Release Date: May 6, 2016
Record label: Domino
Genre(s): Pop/Rock, Alternative/Indie Rock
Drop whatever you're doing. And pay close attention. This is a public service announcement. One that rightfully offers the starkest condemnation of society. One which continues to elevate White Lung's catalog and overall standard of work immensely. And I say this thinking that it couldn't be any ….
Although White Lung sprung from the Vancouver underground, they've never been shy about their ambition. "We'll celebrate breaking even after every single [self-booked] tour," frontwoman Mish Barber-Way wrote prior to the release of their second album, 2012's Sorry. "And that's totally okay with me." With Paradise, their fourth, they've talked about exploring a new pop sensibility, versus "this really stupid attitude that only punks have where it's somehow uncool to become a better songwriter." Barber-Way took singing lessons; they embraced "accessible." None of which, thankfully, has pared down Kenneth William's tar-spitting guitars, Anne-Marie Vassiliou's breakneck drumming, or their powerslide dynamic.
“Expansive” is the wrong word to describe a viciously focused, 29-minute album, but White Lung’s fourth full-length is an evolution in every direction. The breakneck Vancouver quartet’s latest effort packs knotty instrumentation and glinting, steel-edged melodies, pierced by hints of ’00s radio rock and singer Mish Barber-Way’s dry sneer. Passionate by rarely loving, Paradise works on a higher conceptual level as well; Barber-Way’s side gig as a journalist and advice columnist has broadened her perspective and solidified her voice in a way few lyricists get to experience.
White Lung's fourth studio album, 2016's Paradise, is a dynamic, purposeful work by a band coming into its own. A streamlined, passionate, ball-bustingly confident album, Paradise is the perfect showcase for vocalist Mish Barber-Way's throaty, raging punk intensity, drummer Anne-Marie Vassiliou's propulsive rhythms, and guitarist/bassist Kenneth William's kinetic heavy metal and emo-informed fretwork. Working with producer Lars Stalfors (Matt and Kim, Cold War Kids, the Mars Volta), White Lung have honed their approach, zeroing in on several well-curated influences from Hole to the Pixies, Nirvana, and other late-'80s/early-'90s bands.
With Deep Fantasy, Vancouver punk trio White Lung made one of the most thrilling albums of 2014, its vicious riffs following the line of least resistance to punchy choruses, all dispatched at frantic speed, frontwoman Mish Barber-Way’s full-throated roar recalling Courtney Love at her most ferocious-sounding. There is greater variety on this follow-up, their fourth album, the more measured likes of Below and Sister reining in the speed and aggression, and sounding positively slowcore compared to their earlier work. There’s an even lighter touch on Hungry, the strength of the tune overcoming the need for sheer power.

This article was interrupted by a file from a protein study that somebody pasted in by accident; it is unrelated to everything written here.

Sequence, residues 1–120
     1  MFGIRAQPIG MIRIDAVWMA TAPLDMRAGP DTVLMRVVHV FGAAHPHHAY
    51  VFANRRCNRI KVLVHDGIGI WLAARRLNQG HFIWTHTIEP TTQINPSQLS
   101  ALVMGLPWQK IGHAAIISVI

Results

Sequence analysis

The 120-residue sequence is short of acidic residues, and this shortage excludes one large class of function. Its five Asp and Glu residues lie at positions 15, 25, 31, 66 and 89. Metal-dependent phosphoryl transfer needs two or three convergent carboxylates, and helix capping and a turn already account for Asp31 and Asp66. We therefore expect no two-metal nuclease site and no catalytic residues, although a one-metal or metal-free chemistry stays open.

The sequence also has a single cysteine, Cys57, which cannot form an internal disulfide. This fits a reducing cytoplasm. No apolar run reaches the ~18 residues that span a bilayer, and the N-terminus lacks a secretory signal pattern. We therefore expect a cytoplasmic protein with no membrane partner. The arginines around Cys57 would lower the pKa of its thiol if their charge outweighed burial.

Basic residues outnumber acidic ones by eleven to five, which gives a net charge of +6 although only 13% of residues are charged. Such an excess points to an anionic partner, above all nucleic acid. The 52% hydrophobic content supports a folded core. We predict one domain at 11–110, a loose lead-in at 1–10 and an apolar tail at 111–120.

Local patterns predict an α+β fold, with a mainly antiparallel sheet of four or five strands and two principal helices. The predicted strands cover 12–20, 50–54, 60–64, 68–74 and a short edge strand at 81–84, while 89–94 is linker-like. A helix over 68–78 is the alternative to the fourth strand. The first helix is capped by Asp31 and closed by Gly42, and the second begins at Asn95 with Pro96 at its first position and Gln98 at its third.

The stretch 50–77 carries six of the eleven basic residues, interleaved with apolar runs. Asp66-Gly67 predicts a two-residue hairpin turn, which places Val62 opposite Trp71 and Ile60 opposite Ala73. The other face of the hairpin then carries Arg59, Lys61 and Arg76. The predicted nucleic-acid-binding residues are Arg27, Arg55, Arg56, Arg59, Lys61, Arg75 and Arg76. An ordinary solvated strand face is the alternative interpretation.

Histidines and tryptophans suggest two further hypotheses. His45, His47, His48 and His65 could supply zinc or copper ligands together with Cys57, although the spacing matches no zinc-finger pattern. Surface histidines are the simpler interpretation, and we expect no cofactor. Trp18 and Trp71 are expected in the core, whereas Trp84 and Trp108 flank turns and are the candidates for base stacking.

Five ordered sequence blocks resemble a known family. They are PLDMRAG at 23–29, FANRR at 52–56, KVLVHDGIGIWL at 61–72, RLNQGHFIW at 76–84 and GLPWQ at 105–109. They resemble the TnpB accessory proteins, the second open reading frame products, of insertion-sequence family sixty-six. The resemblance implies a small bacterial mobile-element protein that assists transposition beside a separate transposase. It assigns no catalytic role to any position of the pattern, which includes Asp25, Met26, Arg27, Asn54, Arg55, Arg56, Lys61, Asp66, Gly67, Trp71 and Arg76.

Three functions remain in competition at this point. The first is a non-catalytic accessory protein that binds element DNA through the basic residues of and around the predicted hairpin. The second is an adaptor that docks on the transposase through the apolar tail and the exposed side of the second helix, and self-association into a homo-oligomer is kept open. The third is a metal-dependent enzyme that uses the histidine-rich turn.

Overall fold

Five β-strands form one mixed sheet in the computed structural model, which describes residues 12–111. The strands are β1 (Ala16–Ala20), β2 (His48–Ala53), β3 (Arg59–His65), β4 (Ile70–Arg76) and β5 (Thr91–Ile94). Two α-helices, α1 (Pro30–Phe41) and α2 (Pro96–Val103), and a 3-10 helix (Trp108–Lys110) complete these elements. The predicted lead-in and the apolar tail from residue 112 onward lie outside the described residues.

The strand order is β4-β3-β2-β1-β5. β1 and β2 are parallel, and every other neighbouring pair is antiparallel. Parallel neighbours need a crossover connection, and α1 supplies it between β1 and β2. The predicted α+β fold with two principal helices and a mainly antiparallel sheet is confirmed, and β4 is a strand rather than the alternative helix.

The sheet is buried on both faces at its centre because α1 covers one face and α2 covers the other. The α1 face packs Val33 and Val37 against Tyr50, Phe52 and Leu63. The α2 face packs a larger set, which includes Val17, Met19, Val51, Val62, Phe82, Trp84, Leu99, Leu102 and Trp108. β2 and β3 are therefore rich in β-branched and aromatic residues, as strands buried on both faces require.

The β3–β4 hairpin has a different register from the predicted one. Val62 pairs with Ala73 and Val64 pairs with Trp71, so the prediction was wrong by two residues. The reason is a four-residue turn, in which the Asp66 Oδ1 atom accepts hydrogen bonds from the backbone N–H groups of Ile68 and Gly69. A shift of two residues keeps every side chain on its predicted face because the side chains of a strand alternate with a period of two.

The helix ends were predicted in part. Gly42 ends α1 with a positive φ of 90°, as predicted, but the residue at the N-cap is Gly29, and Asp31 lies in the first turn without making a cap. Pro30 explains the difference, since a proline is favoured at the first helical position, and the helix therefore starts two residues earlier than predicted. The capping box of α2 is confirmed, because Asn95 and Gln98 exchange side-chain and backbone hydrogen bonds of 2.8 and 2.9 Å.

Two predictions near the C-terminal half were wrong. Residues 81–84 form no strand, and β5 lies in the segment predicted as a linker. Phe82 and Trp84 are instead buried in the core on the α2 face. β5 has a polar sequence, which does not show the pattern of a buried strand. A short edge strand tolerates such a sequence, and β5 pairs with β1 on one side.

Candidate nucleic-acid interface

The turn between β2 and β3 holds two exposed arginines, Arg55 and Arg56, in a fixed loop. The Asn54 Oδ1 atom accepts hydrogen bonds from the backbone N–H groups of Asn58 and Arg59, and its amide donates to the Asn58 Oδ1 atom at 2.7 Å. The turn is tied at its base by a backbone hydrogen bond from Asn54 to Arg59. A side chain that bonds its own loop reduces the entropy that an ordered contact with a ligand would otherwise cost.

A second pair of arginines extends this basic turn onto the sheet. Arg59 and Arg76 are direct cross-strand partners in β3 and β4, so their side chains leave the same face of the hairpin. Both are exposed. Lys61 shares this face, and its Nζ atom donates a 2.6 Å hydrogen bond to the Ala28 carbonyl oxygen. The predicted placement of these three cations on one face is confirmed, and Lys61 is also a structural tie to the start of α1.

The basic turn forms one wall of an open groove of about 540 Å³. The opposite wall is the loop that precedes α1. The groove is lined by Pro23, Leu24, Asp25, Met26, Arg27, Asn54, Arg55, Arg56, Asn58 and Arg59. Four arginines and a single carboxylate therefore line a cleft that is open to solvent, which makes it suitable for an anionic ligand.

About 20 seconds into "Narcoleptic," the second song on White Lung's latest, Paradise, Kenneth William's guitar drops out of the mix, leaving his band mates to carry the track. While hardly groundbreaking, it's a jarring move for a band whose sound, up to this point, has been defined by his claustrophobic blitzkrieg. White Lung pride themselves on overwhelming listeners, pushing their skills to the limit, and though it sometimes seems like they may box themselves into a corner, with each release the Vancouver- and Los Angeles-based quartet manage to push the walls further outward, making subtle tweaks to their formula that reveal deeper depths to their aural attack.
Needle-sharp and packed full of vigour, White Lung’s return shoots straight for the veins. It’s a rush of adrenaline in a world swarmed by fuzzed-out pretenders - a welcome antidote to the haze modern punk increasingly finds itself drowning in. Thundering out of the gates with a glistening synthetic twinkle, not unlike the start-up sound of a next-gen games console, opener ‘Dead Weight’ hitting like every Street Fighter special move at once.
Shortness of breath. Fluid filling up lungs. Skin turning blue from lack of oxygenation. These are all symptoms of acute respiratory distress syndrome, or “white lung.” It’s hardly coincidence that these also describe what it’s like to listen to Vancouver’s White Lung. Since the band ….
Even though Vancouver punk outfit White Lung’s last album was titled Deep Fantasy, it’s on their new album, Paradise, that the band really makes a break for it. The album separates itself from any expectations—save, perhaps, volume and speed—that come out of White Lung’s previous records. In their place, we get a new set of rules, a new set of sounds.
A solid two sides of music is about as satisfying as it gets. You can wave your double gatefolds around and explain the genius of a concept album, but when you get a compact showcasing of a band's sound and it’s on point, it’s almost impossible to beat. But what about when the music barely covers one side? Montreal outfit White Lung have always championed the short, sharp, shock approach to album lengths, making their latest release Paradise something of a ‘long-listen’ at 28 minutes.